Module Sinatra::Streaming

  1. lib/sinatra.rb

Methods for sending files and streams to the browser instead of rendering.

Methods

protected instance

  1. send_data
  2. send_file

Constants

DEFAULT_SEND_FILE_OPTIONS = { :type => 'application/octet-stream'.freeze, :disposition => 'attachment'.freeze, :stream => true, :buffer_size => 8192 }.freeze

Protected instance methods

send_data (data, options = {})

Send binary data to the user as a file download. May set content type, apparent file name, and specify whether to show data inline or download as an attachment.

Options:

  • :filename - Suggests a filename for the browser to use.
  • :type - specifies an HTTP content type. Defaults to ‘application/octet-stream’.
  • :disposition - specifies whether the file will be shown inline or downloaded. Valid values are ‘inline’ and ‘attachment’ (default).
  • :status - specifies the status code to send with the response. Defaults to ‘200 OK’.
  • :last_modified - an optional RFC 2616 formatted date value (See Time#httpdate) indicating the last modified time of the response entity. If the request includes an If-Modified-Since header that matches this value exactly, a 304 Not Modified response is sent instead of the data.

Generic data download:

send_data buffer

Download a dynamically-generated tarball:

send_data generate_tgz('dir'), :filename => 'dir.tgz'

Display an image Active Record in the browser:

send_data image.data,
  :type => image.content_type,
  :disposition => 'inline'

See send_file for more information on HTTP Content-* headers and caching.

[show source]
     # File lib/sinatra.rb, line 355
355:     def send_data(data, options = {}) #:doc:
356:       send_file_headers! options.merge(:length => data.size)
357:       throw :halt, [options[:status] || 200, [data]]
358:     end
send_file (path, options = {})

Sends the file by streaming it 8192 bytes at a time. This way the whole file doesn’t need to be read into memory at once. This makes it feasible to send even large files.

Be careful to sanitize the path parameter if it coming from a web page. send_file(params[:path]) allows a malicious user to download any file on your server.

Options:

  • :filename - suggests a filename for the browser to use. Defaults to File.basename(path).
  • :type - specifies an HTTP content type. Defaults to ‘application/octet-stream’.
  • :disposition - specifies whether the file will be shown inline or downloaded. Valid values are ‘inline’ and ‘attachment’ (default). When set to nil, the Content-Disposition and Content-Transfer-Encoding headers are omitted entirely.
  • :stream - whether to send the file to the user agent as it is read (true) or to read the entire file before sending (false). Defaults to true.
  • :buffer_size - specifies size (in bytes) of the buffer used to stream the file. Defaults to 8192.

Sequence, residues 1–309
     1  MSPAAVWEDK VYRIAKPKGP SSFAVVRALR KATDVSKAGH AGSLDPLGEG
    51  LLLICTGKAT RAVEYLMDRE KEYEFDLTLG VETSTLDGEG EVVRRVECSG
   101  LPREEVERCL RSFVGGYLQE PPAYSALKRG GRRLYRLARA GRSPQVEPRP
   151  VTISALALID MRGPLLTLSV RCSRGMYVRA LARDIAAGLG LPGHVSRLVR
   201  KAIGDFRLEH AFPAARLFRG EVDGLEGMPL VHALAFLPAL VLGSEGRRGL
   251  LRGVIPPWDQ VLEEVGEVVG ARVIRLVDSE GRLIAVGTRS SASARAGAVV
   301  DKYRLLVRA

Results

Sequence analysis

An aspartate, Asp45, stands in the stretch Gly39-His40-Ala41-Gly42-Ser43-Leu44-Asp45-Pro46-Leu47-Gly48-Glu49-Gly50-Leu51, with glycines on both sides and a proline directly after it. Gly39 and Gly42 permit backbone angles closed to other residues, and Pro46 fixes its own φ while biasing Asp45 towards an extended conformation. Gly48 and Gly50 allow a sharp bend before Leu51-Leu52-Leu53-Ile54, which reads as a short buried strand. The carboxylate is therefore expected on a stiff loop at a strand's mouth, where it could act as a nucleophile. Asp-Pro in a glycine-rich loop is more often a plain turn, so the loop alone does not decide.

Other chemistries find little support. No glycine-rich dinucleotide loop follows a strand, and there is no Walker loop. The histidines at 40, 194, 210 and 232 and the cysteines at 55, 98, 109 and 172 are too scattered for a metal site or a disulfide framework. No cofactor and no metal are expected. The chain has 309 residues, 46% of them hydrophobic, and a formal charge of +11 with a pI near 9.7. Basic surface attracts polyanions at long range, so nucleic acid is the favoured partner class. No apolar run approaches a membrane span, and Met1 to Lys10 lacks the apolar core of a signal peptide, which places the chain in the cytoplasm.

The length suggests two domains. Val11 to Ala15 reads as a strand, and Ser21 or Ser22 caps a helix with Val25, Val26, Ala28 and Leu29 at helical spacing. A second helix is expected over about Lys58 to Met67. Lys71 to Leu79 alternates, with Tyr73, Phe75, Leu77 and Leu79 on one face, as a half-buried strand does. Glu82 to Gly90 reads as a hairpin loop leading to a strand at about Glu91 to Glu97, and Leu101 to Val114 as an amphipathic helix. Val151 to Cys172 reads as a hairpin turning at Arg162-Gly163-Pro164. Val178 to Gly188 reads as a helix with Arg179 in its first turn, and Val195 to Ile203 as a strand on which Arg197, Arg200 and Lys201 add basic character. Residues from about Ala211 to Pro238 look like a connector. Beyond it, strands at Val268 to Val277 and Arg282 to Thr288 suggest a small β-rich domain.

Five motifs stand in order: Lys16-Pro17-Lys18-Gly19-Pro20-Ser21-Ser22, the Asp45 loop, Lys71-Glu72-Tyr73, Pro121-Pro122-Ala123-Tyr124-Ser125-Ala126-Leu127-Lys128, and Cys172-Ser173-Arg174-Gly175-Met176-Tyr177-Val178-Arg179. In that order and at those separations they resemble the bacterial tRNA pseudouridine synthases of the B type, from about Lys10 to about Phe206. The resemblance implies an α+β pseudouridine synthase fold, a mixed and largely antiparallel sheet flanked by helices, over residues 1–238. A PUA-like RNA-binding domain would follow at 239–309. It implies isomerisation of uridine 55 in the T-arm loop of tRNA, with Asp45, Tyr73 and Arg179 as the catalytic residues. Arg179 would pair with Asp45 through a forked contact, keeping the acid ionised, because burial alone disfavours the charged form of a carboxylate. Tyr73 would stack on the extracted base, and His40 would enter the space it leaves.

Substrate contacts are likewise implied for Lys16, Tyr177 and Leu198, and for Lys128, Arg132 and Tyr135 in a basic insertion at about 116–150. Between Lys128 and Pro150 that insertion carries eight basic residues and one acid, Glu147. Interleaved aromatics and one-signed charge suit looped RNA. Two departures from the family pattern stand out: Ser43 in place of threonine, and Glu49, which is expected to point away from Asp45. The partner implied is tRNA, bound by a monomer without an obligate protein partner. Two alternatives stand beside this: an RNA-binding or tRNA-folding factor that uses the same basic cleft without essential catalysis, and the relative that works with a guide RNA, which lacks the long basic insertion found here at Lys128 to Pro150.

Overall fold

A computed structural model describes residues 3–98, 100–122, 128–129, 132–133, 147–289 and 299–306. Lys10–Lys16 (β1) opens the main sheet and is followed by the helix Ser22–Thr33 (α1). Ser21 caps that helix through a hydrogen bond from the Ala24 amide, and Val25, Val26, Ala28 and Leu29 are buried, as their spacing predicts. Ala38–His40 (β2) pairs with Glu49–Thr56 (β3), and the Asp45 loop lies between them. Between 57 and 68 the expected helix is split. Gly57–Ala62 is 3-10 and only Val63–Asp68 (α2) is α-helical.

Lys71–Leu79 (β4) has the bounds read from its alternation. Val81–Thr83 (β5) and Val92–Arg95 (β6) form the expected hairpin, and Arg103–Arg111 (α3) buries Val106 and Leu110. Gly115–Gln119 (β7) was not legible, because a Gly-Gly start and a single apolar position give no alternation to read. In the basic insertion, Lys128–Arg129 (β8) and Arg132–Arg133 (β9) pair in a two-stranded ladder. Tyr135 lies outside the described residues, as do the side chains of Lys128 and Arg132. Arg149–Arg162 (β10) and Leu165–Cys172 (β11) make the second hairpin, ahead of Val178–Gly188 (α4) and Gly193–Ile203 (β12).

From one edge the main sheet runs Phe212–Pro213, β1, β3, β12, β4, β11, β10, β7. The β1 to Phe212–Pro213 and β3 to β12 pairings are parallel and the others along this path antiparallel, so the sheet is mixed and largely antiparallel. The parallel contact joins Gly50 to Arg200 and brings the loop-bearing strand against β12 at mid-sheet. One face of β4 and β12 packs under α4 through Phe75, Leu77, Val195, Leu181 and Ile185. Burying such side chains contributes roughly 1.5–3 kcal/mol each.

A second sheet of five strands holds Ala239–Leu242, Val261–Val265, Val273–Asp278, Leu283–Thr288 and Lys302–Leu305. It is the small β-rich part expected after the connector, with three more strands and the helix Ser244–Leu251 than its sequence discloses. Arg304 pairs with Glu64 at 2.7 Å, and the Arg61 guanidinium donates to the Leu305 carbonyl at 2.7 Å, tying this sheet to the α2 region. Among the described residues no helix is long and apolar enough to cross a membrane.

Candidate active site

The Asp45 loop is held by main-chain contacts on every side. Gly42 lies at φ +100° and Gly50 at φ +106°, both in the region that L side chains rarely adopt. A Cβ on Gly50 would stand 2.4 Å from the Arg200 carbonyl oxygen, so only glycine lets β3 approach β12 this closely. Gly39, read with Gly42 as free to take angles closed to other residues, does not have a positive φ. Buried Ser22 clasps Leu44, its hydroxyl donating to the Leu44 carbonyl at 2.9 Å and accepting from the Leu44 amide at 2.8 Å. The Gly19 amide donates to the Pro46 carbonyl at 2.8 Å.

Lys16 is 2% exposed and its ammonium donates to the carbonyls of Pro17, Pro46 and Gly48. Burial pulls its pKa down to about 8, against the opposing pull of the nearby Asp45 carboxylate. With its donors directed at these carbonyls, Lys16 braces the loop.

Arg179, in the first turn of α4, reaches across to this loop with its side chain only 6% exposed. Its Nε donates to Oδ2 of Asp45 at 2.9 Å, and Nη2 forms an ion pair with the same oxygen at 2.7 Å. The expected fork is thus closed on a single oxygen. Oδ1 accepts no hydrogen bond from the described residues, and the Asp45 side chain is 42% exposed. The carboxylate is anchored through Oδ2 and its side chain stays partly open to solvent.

• :status - specifies the status code to send with the response. Defaults to ‘200 OK’.
  • :last_modified - an optional RFC 2616 formatted date value (See Time#httpdate) indicating the last modified time of the file. If the request includes an If-Modified-Since header that matches this value exactly, a 304 Not Modified response is sent instead of the file. Defaults to the file’s last modified time.

The default Content-Type and Content-Disposition headers are set to download arbitrary binary files in as many browsers as possible. IE versions 4, 5, 5.5, and 6 are all known to have a variety of quirks (especially when downloading over SSL).

Simple download:

send_file '/path/to.zip'

Show a JPEG in the browser:

send_file '/path/to.jpeg',
  :type => 'image/jpeg',
  :disposition => 'inline'

Show a 404 page in the browser:

send_file '/path/to/404.html,
  :type => 'text/html; charset=utf-8',
  :status => 404

Read about the other Content-* HTTP headers if you’d like to provide the user with more information (such as Content-Description). www.w3.org/Protocols/rfc2616/rfc2616-sec14.html#sec14.11

Also be aware that the document may be cached by proxies and browsers. The Pragma and Cache-Control headers declare how the file may be cached by intermediaries. They default to require clients to validate with the server before releasing cached responses. See www.mnot.net/cache_docs/ for an overview of web caching and www.w3.org/Protocols/rfc2616/rfc2616-sec14.html#sec14.9 for the Cache-Control header spec.

[show source]
     # File lib/sinatra.rb, line 308
308:     def send_file(path, options = {}) #:doc:
309:       raise MissingFile, "Cannot read file #{path}" unless File.file?(path) and File.readable?(path)
310: 
311:       options[:length]   ||= File.size(path)
312:       options[:filename] ||= File.basename(path)
313:       options[:type] ||= Rack::File::MIME_TYPES[File.extname(options[:filename])[1..-1]] || 'text/plain'
314:       options[:last_modified] ||= File.mtime(path).httpdate
315:       options[:stream] = true unless options.key?(:stream)
316:       options[:buffer_size] ||= DEFAULT_SEND_FILE_OPTIONS[:buffer_size]
317:       send_file_headers! options
318: 
319:       if options[:stream]
320:         throw :halt, [options[:status] || 200, FileStreamer.new(path, options)]
321:       else
322:         File.open(path, 'rb') { |file| throw :halt, [options[:status] || 200, [file.read]] }
323:       end
324:     end